Since the 1980s, surgeons have been using stereotactic image guidance intraoperatively for brain surgery to visualize patient anatomy, and monitor and correct procedural steps in real time. As these computer-based technologies evolved over time, their application has expanded to other surgical procedures.
In spine surgery, computer assisted navigation has been in use for around 30 years for pedicle screw implantation. In the last decade, spinal image guided surgery has greatly benefitted from important advancements like portable intraoperative computed tomography systems as well as high-speed, high-definition computerization and surgical tracking technology.1 Today, image guidance and intraoperative imaging are established and well-known components of many different surgical spine procedures.
While image guided surgery has been instrumental in the advancement of spinal procedures, the navigation system does not take the place of your doctor. These guidance systems enable your doctor to plan your spine procedure before surgery and help guide the surgical instruments used during surgery, enhancing overall accuracy.1 Surgical navigation is a technique to help place your spine implant or remove your tumor. It is not the implant itself; therefore, none of the instruments used during surgical navigation stay inside your body after surgery.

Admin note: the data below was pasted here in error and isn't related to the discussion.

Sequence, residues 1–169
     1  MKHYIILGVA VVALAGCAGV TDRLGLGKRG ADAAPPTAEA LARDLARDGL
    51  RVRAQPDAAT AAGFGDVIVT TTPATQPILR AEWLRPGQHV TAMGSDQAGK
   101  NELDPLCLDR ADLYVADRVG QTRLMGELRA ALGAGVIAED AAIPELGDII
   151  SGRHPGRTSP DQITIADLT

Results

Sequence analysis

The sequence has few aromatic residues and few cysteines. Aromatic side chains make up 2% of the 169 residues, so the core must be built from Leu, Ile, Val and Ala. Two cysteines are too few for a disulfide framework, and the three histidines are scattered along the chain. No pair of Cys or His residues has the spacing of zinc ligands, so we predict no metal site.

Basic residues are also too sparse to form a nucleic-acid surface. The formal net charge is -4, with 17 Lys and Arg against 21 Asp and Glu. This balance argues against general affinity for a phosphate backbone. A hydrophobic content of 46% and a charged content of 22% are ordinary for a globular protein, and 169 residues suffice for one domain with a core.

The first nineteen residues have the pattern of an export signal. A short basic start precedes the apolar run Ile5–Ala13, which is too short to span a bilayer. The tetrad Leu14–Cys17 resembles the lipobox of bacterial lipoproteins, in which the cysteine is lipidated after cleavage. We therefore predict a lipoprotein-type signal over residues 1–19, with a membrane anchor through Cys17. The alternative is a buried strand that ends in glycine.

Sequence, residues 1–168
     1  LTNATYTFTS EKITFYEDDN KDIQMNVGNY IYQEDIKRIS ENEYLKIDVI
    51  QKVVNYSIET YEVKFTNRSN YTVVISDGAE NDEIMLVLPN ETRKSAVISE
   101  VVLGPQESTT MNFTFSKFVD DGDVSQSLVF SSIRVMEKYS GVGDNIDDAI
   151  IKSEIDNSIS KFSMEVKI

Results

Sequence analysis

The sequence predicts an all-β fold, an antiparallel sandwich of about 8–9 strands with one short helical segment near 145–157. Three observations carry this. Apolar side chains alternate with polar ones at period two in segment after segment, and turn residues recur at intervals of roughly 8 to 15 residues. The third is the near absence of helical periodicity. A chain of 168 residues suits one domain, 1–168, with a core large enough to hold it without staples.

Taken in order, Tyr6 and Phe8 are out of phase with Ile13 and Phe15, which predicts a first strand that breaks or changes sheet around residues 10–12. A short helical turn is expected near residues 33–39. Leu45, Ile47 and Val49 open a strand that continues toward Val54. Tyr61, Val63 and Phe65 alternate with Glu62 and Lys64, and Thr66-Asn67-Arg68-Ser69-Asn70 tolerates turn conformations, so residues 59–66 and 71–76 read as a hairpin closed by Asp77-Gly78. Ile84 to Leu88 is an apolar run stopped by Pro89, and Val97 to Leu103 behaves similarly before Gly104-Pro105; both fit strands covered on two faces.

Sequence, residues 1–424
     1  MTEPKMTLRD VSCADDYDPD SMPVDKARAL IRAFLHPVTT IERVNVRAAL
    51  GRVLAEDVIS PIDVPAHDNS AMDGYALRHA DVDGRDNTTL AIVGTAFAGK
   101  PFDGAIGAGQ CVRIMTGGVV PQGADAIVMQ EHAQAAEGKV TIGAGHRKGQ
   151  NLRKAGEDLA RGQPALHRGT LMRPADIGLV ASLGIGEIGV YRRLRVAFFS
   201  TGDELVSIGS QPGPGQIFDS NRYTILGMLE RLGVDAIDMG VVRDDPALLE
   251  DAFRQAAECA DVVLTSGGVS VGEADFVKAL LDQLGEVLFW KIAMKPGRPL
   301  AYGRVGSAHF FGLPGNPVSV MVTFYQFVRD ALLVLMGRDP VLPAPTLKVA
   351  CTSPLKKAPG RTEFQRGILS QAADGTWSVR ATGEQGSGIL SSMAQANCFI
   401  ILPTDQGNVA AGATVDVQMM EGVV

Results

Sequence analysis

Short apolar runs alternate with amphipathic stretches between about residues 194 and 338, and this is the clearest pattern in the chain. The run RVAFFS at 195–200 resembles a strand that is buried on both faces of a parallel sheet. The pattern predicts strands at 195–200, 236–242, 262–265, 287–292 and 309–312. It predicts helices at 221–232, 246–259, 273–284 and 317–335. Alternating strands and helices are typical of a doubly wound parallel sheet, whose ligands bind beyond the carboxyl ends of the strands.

Is surgical navigation subject to FDA approval?
The Food and Drug Administration (FDA) is responsible for ensuring public safety by regulating medical devices. Surgical navigation systems are considered medical devices and therefore are subject to review and clearance by the FDA.
1 Doniel Drazin, M.D., Terrence T. Kim, M.D., David W. Polly Jr, M.D., and J. Patrick Johnson, M.D., Introduction: Intraoperative spinal imaging and navigation, Neurosurgical Focus, Mar 2014 / Vol. 36 / No. 3.